Are Medicare’s Local and National Coverage Determinations the Final Word?

By Denise Wilson | October 28, 2019

Local coverage determinations (LCDs) and national coverage determinations (NCDs) are coverage and payment guideline documents published by The Centers for Medicare and Medicaid Services (CMS) or their administrative contractors. Specifically, LCDs are published by Medicare Administrative Contractors (MACs) and generally apply to beneficiaries and medical service providers and suppliers who reside in the geographic regions covered by the MAC. CMS publishes NCDs which apply to all Medicare beneficiaries.

LCD and NCD coverage and payment policies typically apply to specific procedures and services. Many policies apply to outpatient procedures or services, but some also apply to inpatient procedures. Medicare usually develops LCDs and NCDs for procedures or services that are high cost, high volume, or prone to documentation or billing errors.

When a denial cites an LCD or NCD as the basis for denying care, the appeal writer must review the LCD or NCD for guidance on required medical record documentation and billing instructions. The writer must compare the requirements outlined in the LCD or NCD to documentation in the medical record and the submitted claim. If there’s a discrepancy between the documentation and the requirements outlined in the guidance, the appeal writer must determine if there is a reasonable explanation of why the difference exists.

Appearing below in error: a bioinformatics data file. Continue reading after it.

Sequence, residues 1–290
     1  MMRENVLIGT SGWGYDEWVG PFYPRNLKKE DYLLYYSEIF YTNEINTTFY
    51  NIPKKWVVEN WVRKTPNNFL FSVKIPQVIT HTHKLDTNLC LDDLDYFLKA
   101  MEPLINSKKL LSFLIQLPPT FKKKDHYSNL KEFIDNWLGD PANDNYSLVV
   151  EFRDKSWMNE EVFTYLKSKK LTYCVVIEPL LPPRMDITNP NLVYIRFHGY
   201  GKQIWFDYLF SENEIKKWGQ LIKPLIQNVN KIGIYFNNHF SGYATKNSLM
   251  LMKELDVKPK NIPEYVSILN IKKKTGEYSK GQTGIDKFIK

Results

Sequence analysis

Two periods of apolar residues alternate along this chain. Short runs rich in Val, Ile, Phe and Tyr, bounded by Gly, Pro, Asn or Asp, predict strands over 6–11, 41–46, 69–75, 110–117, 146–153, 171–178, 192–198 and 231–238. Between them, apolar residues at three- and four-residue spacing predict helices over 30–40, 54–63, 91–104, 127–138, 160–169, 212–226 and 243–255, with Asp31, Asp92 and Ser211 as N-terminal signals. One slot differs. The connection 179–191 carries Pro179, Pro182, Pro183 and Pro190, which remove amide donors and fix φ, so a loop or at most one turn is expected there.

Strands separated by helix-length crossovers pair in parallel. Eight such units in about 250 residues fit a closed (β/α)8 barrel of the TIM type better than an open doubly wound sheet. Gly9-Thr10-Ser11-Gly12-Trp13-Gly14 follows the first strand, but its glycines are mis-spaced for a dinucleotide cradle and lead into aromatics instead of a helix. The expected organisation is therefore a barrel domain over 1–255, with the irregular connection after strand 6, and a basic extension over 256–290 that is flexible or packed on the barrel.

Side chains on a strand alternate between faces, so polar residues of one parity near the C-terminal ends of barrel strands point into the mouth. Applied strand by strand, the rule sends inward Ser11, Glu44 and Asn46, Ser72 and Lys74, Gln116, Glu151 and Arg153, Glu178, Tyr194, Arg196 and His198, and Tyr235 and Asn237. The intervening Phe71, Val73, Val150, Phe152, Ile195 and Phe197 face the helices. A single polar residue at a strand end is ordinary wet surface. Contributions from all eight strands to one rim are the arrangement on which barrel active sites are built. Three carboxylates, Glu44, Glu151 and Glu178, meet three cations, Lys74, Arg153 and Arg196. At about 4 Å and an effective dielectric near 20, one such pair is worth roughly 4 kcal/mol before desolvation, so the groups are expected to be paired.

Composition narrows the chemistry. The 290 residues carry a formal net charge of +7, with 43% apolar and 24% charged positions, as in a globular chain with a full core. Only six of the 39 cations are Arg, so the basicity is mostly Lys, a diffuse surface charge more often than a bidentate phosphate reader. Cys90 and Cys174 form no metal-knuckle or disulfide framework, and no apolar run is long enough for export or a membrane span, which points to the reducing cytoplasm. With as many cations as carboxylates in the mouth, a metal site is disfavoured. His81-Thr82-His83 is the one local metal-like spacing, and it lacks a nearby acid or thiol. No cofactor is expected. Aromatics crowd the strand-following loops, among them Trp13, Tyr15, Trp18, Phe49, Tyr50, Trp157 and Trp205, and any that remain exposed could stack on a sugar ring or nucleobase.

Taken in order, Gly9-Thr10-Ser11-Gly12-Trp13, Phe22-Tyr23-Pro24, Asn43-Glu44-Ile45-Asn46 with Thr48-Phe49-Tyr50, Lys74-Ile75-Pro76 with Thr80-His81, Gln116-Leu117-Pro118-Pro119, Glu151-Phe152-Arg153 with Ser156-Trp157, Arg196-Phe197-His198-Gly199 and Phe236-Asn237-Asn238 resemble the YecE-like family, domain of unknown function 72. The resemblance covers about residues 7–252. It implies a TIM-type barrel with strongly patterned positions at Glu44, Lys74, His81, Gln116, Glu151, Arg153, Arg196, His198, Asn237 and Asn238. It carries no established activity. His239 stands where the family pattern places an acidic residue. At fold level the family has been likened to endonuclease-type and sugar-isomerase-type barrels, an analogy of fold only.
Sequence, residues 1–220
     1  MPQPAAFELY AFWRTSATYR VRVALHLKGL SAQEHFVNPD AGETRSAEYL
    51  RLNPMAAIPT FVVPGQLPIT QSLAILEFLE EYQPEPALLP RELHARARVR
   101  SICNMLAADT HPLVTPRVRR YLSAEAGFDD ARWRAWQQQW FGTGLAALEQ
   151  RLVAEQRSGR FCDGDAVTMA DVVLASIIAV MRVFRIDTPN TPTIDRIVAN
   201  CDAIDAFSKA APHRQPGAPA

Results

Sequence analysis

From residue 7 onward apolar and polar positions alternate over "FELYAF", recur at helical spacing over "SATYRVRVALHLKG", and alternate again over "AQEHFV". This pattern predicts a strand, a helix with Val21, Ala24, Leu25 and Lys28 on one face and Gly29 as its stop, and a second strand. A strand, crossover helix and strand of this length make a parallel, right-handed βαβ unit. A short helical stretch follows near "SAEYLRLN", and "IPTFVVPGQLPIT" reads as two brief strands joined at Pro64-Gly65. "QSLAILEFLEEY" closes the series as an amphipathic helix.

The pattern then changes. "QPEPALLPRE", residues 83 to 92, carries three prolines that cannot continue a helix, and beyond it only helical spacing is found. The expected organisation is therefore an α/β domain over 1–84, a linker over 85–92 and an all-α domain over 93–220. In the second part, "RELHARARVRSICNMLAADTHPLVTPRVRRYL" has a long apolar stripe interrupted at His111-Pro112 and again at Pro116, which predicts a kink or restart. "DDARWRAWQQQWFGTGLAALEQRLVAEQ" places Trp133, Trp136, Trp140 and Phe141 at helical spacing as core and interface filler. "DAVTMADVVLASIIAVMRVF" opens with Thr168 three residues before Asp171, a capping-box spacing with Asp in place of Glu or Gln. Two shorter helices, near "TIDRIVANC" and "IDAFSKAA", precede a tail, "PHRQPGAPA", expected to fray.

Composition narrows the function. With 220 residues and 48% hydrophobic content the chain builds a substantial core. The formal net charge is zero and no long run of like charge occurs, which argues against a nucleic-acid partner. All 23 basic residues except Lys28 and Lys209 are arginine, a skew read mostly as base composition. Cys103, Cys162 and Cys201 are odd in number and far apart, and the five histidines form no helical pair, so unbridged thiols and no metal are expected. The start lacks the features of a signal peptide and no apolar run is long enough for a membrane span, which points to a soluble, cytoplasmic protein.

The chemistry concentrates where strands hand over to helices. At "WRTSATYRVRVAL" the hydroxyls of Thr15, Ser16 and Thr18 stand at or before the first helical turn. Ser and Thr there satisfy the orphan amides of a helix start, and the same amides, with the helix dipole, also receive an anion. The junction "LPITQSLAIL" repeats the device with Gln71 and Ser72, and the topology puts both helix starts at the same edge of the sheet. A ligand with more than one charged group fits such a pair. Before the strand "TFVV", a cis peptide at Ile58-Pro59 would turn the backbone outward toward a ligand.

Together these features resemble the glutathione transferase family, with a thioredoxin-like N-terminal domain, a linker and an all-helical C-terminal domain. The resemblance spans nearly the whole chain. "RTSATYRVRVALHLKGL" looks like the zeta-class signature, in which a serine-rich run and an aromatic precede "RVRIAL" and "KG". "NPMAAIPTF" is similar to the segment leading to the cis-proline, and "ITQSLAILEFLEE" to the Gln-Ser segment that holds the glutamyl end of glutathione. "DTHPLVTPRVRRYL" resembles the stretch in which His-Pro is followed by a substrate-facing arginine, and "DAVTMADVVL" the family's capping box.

If there is a reasonable explanation of why a discrepancy exists, then there is reason to appeal. For example, the patient may not have been able to tolerate certain conservative treatment measures prior to surgical intervention. Perhaps the patient failed treatment with pain medication because of an adverse reaction.

There are other situations where an appeal may be successful even when the documentation doesn’t fully support the requirements in the guidance. Each MAC publishes its own set of LCDs. Compare similar LCDs from various MACs, and you may find some differences in the required documentation. If one MAC is more restrictive than the other MACs, the appeal writer can argue that the stricter requirements do not represent the standard of care.

Reviewing the articles referenced by the LCD or NCD that were used by the MAC or CMS to develop the guidance can also provide arguments for appeal. Are the articles current and relevant, or do they represent outdated standards of practice?

Finally, Administrative Law Judges who hear Medicare appeals at Level 3 of the appeals process are not bound by LCDs or CMS program guidance. Therefore, if the medical record documentation does not support LCD guidance in total, there still may be an opportunity for a successful appeal and argument. CFR-2010-title42-vol2-sec405-1062.